01384-A: Improved Imaging to Monitor Therapy Response of Urinary Bladder Cancer Using 3D Volume Ultrasonography
Grant Status: Closed
Grant Amount: $12,960
Dr. James F. Naughton, DVM, Purdue University
February 1, 2010 - July 31, 2011
Sponsor(s): National Beagle Club, Scottish Terrier Club of America, Westie Foundation of America, Inc.
Breed(s): -All Dogs
Disease(s): Transitional Cell Carcinoma
Project Summary The goal of this research study was to determine if three-dimensional ultrasonography (3DUS) could provide an improved way to image and measure urinary bladder tumors, as the currently available methods are either inconsistent, cost-prohibitive or place an undue physical burden on the patient. In the study, the investigators used state of the art 3DUS equipment to measure bladder tumors in 10 dogs and compared these measurements to those made, of the same tumors, with conventional two-dimensional ultrasound (2DUS) and computed tomography (CT), using CT as the gold standard method of measurement. The information gleaned from this study met and exceeded our expectations.
First, they found that 3DUS can be used interchangeably with CT to make accurate measurements of bladder tumor volume. This is important because 3DUS is an inexpensive measurement method when compared to CT. Also, there is no need for anesthesia using 3DUS. CT cannot be performed without anesthesia in veterinary patients, which adds substantially to the cost of each study. These two factors form a solid new cornerstone which will aid oncologists in identifying the most efficient routes of bladder cancer treatment.
Second, with 3DUS they found that repeated measurements of the same tumor showed very little difference. This shows that the same operator will produce very accurate measurements and suggests that this technique might be used by several different operators to image the same patient, and all would find a very similar tumor size. This is important because it allows flexibility in imaging the patients when monitoring remission, stability or progression of cancer. A separate study using various operators to measure tumor size with 3DUS is needed to prove this contention.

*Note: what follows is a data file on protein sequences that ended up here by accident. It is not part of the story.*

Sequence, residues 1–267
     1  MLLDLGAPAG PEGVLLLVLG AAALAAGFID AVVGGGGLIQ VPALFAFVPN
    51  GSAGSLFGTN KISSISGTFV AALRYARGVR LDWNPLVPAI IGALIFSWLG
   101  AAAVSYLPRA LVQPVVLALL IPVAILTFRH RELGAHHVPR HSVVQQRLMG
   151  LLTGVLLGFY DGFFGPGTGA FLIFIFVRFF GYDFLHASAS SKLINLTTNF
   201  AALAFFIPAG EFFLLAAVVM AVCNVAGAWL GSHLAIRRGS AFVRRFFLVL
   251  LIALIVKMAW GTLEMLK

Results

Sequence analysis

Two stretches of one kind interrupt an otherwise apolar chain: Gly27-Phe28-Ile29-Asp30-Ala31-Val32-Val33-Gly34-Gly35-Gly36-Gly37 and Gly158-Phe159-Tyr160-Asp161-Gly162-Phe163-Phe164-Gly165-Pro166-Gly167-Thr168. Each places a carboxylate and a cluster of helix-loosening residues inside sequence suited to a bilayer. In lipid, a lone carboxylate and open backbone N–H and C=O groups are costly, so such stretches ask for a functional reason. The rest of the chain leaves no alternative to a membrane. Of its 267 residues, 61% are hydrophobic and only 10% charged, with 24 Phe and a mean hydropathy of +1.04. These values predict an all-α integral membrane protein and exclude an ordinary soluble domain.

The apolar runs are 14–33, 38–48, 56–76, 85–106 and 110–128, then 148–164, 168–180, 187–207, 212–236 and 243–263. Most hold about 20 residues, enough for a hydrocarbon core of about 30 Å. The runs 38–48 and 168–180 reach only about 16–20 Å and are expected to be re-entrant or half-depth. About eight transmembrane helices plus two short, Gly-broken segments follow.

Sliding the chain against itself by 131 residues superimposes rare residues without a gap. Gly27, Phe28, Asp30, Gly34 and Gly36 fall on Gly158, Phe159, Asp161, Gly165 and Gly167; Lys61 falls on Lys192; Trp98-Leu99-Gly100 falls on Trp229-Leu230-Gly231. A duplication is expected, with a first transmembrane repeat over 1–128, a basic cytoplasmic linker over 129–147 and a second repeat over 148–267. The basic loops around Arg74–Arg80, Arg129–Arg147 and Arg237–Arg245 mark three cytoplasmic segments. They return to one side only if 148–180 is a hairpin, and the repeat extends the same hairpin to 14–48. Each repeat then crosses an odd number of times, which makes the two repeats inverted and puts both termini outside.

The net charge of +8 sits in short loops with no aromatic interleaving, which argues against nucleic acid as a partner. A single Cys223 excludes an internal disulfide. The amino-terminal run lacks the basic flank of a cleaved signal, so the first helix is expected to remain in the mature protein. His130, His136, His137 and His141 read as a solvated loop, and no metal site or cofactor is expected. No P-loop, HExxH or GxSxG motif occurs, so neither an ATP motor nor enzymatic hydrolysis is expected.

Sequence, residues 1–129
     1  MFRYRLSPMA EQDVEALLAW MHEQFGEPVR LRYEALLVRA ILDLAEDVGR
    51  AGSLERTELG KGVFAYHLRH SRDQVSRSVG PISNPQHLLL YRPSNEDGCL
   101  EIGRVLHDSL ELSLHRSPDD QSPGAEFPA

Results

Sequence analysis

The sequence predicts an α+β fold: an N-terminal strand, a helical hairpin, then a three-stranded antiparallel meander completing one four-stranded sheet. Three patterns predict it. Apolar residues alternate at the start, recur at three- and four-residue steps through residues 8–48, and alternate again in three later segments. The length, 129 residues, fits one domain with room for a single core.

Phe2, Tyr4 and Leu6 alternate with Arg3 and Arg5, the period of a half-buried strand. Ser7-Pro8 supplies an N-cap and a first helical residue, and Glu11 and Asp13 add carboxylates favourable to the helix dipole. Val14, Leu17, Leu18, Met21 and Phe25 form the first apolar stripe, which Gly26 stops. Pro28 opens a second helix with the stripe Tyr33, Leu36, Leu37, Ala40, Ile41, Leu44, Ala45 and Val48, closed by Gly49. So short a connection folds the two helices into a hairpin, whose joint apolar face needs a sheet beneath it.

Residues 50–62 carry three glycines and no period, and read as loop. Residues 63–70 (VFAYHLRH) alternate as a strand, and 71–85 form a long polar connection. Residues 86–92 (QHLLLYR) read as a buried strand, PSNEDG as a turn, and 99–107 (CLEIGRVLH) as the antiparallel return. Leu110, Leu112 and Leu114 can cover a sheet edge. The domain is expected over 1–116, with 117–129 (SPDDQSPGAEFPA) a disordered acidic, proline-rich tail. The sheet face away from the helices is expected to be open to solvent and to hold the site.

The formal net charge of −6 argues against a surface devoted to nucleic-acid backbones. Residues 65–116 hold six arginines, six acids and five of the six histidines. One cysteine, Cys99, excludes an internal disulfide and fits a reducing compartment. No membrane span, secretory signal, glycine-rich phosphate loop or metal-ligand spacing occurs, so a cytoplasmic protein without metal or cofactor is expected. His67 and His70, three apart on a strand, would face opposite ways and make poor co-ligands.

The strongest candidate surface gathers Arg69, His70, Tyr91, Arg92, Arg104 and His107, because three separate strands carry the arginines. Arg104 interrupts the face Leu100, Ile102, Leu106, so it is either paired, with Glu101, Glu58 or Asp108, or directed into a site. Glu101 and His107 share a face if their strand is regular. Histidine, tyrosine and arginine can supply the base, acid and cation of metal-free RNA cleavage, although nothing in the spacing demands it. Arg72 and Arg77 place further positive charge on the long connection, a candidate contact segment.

Third, they found that there is no statistical difference in bladder tumor size when the bladder filled to different levels. This is new, valuable information because it has previously been assumed that the amount of urine in a bladder, and therefore the pressure present in the bladder lumen, may cause some or all of these tumors to change size. This finding negates the need to catheterize patients to empty or fill the bladder to accomplish a uniform size, and also eliminates the need for patients to wait, sometimes hours at a time, to fill their bladder naturally so that the tumor can be imaged.
Last, and in addition to the original proposed work, they found that the 3DUS volumes of the tumors do not need to be excessively segmented, or sliced, with a special computer program, in order to achieve an accurate tumor volume. They divided each of the tumors into four, eight and 12 segments, or pieces, to measure size and found that eight segments provides the optimum balance between accuracy and time spent analyzing each tumor mass.
An improved imaging method is now available for monitoring therapeutic response in urinary bladder tumors. The results of this study are encouraging and met or exceeded all of the expectations set forth at the beginning of the project. The 3DUS method is applied with the same efficiency as a conventional 2DUS with slightly more time required to obtain each image volume. While the processing of the information after the exam requires a slightly larger time investment than that required in 2DUS these investments are balanced by the increased accuracy and consistency of measurements made of the patient's tumor. It is estimated that only 10 additional minutes are needed for this method versus conventional 2DUS. This is encouraging news for clinicians and owners of dogs with urinary bladder TCC and is currently being implemented at our institution.